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Humphrey calls for fewer planning commissioners, offers alternate nominees

Humphrey copy

Filling vacancies on the Carter County Planning Commission – and even the number of individuals who should serve on that board – became a point of contention during a meeting of the nominating committee Tuesday night.
When the subject of making appointments to the Planning Commission came up, Carter County Mayor Leon Humphrey said the committee should consider reducing the number of members from 12 to nine, one for each of the county’s eight districts, and include the chairman of the County Commission – himself.
Planning Director Chris Scheuttler said the Planning Commission was created by a private act and to alter the make up of the commission would require that private act to be amended. He added that the private act to create the commission was passed in 1972 and laid out specifically the positions and how they were to be filled.
According to Scheuttler, the Planning Commission must have a representative of each of the county’s school districts on the board and include the chair of the County Commission, four members of the County Commission and other individuals from the community, such as Realtors, property owners and business owners.
Humphrey said because the county has eight educational districts which coincide with the commission districts, lowering the number of members on the Planning Commission to nine would still comply with the private act.
“The private act would not have to be amended, in my opinion,” Humphrey said.
Scheuttler said when the private act was passed in 1972, Carter County had only four educational districts, not eight. He continued, saying when the county underwent the redistricting process – creating eight educational districts – some of the boundary lines changed, but the private act did not.
The planning director said he had spoken with the County Technical Assistance Service regarding changing the makeup of the Planning Commission and he was given a legal opinion that any changes would require the county to amend the private act.
Members of the nominating committee asked County Attorney Joshua Hardin for his opinion, but he said he would have to research the matter further.
“You’re going to have to pass a resolution at minimum and it may require amending the private act,” Hardin said, adding any amendment to the act would have to be sent to Nashville for state approval. “That is a very lengthy process that could last months and months and months.”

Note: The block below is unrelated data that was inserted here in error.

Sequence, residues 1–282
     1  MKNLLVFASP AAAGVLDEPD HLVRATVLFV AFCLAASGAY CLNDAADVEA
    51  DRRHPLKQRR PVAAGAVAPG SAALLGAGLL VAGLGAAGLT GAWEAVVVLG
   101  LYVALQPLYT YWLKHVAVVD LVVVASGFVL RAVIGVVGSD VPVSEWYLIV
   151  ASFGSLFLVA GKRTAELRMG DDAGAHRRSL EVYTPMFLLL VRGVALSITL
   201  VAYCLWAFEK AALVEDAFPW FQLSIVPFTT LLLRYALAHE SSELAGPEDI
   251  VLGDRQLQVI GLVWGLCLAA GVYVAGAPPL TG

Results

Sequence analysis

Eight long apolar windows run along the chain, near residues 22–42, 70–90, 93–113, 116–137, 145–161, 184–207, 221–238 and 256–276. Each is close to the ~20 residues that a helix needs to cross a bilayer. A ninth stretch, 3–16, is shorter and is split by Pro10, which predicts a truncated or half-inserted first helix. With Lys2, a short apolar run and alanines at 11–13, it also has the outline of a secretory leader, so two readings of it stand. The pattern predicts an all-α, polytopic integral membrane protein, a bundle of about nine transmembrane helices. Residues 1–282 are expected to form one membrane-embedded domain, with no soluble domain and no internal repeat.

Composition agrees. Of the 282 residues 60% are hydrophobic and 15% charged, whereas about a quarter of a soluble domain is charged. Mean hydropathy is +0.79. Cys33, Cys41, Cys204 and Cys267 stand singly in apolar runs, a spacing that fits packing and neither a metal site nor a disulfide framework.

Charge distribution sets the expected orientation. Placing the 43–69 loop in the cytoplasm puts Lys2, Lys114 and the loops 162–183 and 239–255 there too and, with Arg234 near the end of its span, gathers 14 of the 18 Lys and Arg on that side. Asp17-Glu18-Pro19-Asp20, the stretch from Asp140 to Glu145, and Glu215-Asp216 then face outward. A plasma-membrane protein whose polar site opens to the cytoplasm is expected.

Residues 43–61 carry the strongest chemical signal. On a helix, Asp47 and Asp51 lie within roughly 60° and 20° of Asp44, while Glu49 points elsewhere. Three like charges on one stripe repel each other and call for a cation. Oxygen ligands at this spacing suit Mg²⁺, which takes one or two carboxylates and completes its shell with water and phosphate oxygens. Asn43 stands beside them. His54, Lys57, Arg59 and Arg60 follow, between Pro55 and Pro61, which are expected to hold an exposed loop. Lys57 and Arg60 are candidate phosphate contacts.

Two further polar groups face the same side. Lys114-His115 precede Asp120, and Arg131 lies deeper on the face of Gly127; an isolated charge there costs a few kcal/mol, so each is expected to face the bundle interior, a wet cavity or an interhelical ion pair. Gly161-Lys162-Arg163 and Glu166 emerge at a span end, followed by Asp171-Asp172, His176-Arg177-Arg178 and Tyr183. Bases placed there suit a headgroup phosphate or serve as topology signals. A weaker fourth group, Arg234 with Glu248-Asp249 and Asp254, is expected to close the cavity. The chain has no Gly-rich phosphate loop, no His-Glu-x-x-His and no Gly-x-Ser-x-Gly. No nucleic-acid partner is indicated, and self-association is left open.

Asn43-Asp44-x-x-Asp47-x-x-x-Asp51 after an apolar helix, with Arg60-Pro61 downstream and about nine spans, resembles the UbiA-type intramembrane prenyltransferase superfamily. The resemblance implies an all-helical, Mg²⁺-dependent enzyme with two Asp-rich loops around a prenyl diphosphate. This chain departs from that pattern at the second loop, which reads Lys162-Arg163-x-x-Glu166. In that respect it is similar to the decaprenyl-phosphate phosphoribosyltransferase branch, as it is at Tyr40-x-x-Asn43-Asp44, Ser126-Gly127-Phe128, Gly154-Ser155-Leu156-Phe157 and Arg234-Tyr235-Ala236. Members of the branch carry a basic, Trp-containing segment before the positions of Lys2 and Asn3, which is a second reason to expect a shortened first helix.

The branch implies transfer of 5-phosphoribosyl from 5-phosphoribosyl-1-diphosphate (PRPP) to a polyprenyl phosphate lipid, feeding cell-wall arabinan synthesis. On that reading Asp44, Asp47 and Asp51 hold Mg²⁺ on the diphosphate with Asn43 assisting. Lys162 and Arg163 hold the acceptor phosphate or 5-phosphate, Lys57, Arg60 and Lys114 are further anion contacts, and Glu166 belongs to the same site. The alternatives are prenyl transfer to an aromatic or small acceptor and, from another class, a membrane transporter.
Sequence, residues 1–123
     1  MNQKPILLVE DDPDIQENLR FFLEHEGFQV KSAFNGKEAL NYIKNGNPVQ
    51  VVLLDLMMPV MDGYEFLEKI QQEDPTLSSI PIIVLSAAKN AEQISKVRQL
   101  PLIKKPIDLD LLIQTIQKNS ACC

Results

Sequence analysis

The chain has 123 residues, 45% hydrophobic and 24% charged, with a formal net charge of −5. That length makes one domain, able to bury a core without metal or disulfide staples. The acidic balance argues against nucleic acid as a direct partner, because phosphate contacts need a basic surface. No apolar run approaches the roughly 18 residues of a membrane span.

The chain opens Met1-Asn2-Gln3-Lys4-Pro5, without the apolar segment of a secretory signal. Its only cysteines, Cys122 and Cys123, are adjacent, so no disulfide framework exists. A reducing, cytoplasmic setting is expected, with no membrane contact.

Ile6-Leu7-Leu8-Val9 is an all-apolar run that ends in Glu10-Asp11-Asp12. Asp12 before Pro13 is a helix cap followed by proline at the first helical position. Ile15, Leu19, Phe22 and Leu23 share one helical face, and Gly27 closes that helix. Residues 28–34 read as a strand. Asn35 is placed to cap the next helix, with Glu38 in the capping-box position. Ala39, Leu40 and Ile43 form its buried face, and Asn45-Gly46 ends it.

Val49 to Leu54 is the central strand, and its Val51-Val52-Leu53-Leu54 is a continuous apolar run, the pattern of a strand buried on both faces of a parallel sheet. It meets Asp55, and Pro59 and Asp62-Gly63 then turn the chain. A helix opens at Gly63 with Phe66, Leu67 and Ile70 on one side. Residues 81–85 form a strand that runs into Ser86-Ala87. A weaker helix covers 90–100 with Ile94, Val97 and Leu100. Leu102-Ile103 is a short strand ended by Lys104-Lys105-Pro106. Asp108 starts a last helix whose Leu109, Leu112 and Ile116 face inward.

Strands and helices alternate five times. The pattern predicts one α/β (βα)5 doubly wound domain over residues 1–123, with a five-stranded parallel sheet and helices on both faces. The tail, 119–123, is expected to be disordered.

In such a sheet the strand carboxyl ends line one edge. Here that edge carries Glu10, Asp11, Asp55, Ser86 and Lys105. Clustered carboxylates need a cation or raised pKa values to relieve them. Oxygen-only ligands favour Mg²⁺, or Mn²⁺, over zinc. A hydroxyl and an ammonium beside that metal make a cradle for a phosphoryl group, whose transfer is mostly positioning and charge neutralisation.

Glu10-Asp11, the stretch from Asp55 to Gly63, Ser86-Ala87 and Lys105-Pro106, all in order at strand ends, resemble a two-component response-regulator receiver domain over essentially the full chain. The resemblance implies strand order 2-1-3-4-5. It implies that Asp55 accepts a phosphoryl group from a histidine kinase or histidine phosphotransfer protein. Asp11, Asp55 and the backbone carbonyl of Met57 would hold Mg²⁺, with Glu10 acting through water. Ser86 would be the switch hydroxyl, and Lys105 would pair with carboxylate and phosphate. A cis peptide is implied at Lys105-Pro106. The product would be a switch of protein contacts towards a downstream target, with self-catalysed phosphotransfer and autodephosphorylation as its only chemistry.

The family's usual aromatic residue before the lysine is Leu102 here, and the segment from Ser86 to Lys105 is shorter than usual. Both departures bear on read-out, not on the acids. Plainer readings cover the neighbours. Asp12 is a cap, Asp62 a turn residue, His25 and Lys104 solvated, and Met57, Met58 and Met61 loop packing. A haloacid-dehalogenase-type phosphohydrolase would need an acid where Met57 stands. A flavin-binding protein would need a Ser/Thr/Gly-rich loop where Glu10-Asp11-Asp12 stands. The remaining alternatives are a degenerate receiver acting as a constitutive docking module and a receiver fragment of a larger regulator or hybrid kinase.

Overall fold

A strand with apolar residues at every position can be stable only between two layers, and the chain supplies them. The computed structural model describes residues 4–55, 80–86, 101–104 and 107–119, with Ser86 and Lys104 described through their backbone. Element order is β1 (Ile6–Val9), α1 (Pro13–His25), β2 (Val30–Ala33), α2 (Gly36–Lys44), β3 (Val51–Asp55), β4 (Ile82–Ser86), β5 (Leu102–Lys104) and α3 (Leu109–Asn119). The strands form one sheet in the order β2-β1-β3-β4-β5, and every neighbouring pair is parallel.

“If you want my opinion, the private act needs to be updated,” he added.
Scheuttler also voiced concerns over having the Planning Commission made up entirely of members of the County Commission.
“The private act was created to keep politics out of the development of the county,” he said.
Scheuttler said, per state law, the vacancies on the Planning Commission were advertised in the newspaper with a directive for those interested to submit their interest to the Planning Office. From those applicants, Scheuttler said he filled the vacancies so they would fall in line with the provisions of the private act and he presented the recommendations to the committee.
Humphrey said he had asked members of the County Commission to submit their interest in the Planning Commission to his office and he also had a list of names, many of whom were not on the list Scheuttler had. The mayor said, in the interest of fairness, all of the interested individuals should be given an opportunity to serve on the Planning Commission.
Scheuttler responded, saying he had attempted to obtain a copy of the mayor’s list but was not able to reach anyone in the Mayor’s office on Tuesday. He said he needed a copy of the list in order to plot the addresses of those individuals into the map of the 1972 districts to see if the interested commissioners resided in the proper area to comply with the private act.
Humphrey said the reason Scheuttler was unable to reach anyone was because his administrative assistant was out of the office Tuesday. He added that just following the recommendations made by Scheuttler wasn’t fair to those commissioners who had expressed their interest in writing to the mayor’s office.
Committee member Sonja Culler made a motion to accept the recommendations of the planning Commission, which was seconded by L.C. Tester. The motion failed on a tie vote of 4-4.
Humphrey then suggested the committee postpone the decision on the Planning Commission appointments until Scheuttler had time to plot the addresses of the other interested parties to see if they met the district requirements.
Scheuttler said a delay would be harmful to the operation of the Planning Commission and the county.
“We’ve already had to cancel one meeting because of the appointments,” Scheuttler said. “And we need to have a special called meeting to go over things with the attorney to bring to the full commission.”
During an exchange between Scheuttler and Humphrey, Tester took issue with the mayor’s involvement in the discussion. “You are not even on this committee. Why are you giving all these opinions?” Tester asked the Mayor. Humphrey responded he would continue to give opinions “as long as the chair will allow.” Committee chairman Ronnie Trivett made no response to either statement.
Lewis made a motion to postpone the decision until the committee’s next meeting on Oct. 13 and to direct Scheuttler to plot the additional list of names. The motion was seconded by Brown and passed on a vote of 5-3.